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MANATON - THE PROTESTATION RETURN OF 1641/2

 

By the end of 1640, King Charles I had become very unpopular.  Parliament forced him to make changes in the Constitution which gave them a bigger say in how the country was governed. From then on, Parliament was split into two factions - Royalists (Cavaliers) who supported the King and Parliamentarians (Roundheads) who wanted political and religious reform.

 

On 3 May 1641, every Member of the House of Commons was ordered to make a declaration of loyalty to the crown. This was ratified next day by the House of Lords. They called it their Protestation against " an arbitrarie and tyrannical government" and another order was made that every Rector, Churchwarden and Overseer of the Poor had to appear in person before the JPs in their Hundred to make this Protestation Oath in person. It was to  be a declaration of their belief in the" Protestant religion, allegiance to the King and support for the rights and privileges of Parliament".

 

They then had to go back home to their own parish where any two of them were to require the same oath of allegiance from all males over the age of 18. The names of all who refused to make the oath were to be noted and assumed to be Catholics.

 

We have, in the Devon Protestation Returns, a set of amazing documents - something akin to a census even though no women or children are named.  A transcription is available in the West Country Studies Library in Exeter.

 

The Protestation Returns are arranged by parish.

Manaton belonged to the Hundred of  Teignbridge

The original spelling has been preserved

William Banocke Peter Hayward Thomas Merdon
George Booden Richard Hayward Zachary Milward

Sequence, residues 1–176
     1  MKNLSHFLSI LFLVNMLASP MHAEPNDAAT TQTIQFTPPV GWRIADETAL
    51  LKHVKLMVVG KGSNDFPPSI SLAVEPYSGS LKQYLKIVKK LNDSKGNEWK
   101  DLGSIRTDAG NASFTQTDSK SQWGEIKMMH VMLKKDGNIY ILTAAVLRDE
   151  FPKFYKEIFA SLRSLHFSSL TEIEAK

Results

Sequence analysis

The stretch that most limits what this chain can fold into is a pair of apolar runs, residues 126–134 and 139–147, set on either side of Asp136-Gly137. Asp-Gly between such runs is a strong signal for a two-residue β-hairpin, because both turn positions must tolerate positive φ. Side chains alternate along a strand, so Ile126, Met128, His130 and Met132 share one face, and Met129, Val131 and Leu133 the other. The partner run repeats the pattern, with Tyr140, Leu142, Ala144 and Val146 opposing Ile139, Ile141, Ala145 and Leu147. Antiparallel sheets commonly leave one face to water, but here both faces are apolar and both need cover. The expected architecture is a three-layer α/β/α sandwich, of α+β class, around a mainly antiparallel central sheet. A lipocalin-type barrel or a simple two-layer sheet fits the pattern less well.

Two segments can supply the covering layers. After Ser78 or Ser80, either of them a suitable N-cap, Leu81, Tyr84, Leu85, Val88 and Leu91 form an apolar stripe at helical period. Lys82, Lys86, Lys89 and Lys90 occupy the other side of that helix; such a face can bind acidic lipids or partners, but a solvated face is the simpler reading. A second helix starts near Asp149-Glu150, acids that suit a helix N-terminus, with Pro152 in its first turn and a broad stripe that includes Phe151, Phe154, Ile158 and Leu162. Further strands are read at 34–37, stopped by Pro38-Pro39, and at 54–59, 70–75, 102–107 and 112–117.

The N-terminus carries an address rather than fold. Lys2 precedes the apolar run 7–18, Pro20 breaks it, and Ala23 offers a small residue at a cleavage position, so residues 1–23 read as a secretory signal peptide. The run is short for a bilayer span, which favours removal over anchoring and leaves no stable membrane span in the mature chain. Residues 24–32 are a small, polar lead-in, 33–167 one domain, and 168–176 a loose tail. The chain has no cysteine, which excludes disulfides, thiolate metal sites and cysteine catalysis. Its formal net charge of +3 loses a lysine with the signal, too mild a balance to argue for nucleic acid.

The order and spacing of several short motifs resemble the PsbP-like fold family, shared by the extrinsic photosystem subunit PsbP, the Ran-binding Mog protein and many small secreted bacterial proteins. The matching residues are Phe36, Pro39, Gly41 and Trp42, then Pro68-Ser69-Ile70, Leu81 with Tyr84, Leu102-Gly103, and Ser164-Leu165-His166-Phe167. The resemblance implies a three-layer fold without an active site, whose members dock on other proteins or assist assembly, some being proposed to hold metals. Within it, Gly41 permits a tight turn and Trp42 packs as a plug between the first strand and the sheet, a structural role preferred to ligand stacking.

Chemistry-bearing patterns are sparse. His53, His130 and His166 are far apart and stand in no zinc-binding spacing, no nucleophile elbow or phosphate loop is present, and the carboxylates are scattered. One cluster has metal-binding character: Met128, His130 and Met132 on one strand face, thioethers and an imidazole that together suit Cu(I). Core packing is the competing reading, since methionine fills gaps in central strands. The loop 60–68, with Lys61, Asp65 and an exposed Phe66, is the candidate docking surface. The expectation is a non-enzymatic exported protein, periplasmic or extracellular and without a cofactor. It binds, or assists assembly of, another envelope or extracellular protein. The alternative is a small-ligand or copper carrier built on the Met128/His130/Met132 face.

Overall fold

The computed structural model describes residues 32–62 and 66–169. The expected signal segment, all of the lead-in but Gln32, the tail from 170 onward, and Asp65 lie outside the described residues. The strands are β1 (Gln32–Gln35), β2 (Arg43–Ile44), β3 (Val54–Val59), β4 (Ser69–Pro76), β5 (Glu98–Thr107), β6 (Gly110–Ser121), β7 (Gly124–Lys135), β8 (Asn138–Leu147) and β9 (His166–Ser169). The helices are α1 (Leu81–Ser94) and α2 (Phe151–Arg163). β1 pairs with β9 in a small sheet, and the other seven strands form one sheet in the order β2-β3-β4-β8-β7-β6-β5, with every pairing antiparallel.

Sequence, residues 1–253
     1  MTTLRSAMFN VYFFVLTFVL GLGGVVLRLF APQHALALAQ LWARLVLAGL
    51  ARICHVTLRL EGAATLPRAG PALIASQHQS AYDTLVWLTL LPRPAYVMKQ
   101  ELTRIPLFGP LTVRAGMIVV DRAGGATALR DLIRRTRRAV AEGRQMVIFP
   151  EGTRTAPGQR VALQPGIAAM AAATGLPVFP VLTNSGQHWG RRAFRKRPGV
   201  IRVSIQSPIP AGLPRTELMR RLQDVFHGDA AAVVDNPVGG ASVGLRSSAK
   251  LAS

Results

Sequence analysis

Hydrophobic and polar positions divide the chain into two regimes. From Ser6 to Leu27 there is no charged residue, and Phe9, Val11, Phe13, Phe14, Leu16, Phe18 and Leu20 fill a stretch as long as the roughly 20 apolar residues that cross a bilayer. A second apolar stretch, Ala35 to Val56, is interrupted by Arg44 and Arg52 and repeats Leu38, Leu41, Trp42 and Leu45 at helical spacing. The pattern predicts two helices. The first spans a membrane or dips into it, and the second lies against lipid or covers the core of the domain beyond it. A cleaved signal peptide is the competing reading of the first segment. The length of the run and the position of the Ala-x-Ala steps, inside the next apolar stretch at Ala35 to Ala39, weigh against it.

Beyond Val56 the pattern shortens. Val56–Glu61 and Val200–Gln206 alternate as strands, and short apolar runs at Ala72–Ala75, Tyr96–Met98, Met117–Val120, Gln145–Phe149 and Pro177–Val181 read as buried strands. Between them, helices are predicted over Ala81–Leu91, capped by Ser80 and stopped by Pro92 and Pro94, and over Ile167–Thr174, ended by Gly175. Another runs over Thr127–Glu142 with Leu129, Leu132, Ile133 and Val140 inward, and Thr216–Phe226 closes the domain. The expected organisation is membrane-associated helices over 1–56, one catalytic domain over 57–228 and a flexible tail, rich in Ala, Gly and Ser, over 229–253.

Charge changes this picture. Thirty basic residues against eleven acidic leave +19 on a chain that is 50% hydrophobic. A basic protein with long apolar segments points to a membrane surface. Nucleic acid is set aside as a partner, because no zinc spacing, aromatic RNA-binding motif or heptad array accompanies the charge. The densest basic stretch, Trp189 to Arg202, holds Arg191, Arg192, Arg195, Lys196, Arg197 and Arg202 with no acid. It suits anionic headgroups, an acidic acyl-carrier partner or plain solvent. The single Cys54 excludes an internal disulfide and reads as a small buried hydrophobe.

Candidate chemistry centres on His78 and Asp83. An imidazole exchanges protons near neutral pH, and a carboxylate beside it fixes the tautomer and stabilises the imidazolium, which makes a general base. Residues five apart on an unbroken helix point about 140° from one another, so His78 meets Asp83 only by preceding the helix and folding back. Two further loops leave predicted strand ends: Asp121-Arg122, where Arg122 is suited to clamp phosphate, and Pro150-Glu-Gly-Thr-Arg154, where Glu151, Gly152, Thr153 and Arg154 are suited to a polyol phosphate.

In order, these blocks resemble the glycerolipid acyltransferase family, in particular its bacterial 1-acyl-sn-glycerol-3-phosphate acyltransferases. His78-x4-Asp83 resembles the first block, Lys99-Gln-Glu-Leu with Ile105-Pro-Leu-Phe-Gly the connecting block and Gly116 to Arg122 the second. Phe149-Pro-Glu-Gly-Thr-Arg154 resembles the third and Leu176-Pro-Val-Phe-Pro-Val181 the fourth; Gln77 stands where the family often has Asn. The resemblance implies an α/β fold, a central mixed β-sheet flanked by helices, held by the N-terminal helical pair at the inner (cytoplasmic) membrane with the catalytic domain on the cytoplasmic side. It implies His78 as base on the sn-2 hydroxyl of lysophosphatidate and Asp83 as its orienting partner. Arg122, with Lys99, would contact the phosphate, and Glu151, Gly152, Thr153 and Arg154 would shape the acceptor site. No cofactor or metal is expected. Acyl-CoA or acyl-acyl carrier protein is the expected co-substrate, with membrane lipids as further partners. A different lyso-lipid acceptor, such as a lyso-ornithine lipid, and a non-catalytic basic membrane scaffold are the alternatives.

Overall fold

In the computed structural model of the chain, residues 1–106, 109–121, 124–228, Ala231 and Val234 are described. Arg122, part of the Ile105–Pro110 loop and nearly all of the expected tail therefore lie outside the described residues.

George Booden John Hext Nicholas Milwarde
John Booden Gilbert Hill John Nosworthie
George Boonde Jacob Hill Alexander Nosworthy
Robert Boonde John Hill Edward Nosworthy
William Boonde William Hill James Nosworthy
James Brockedon Pancras Hodge John Nosworthy
John Burnel Edmund Hole Oliver Nosworthy
Stephen Caseleigh Thomas Holmes Thomas Nosworthy
John Comin John Kingwell Thomas Nosworthy
Peter Comin Stephen Kingwel Thomas Palke
Thomas Cooke Edward Leaman Cornelius Puddecombe
John Eeles Nicholas Leaman Roger Rabin
Nicholas Eeles Richard l;eaman Simon Redie
John Foxforde Robert Leaman William Roper
Thomas French Ambros Leere John Rysen
Thomas German Robert Leere William Soper
Henry Greepe Richard Longworthy John Tamlin
Thomas Greepe Thomas Longworthy George Taverner
William Greepe Pancras Lynes James trebie
George Greie Manuel Maie John Whiddon
Robert Greie Richard Man John Whiddon
Thomas Groote Edwrad Merdon William Yeoland
George Harte George Merdon -
Andrew Hayward Nicholas Merdon -

 

* For many centuries, Devon was divided into 32 administrative districts or Hundreds for land tax purpose.

Taken from the transcription by A. J. Howard published in 1973 which is available in the West Country Studies Library, Exeter.                                                                                                              Courtesy: Devon County Council

 

 

 
 
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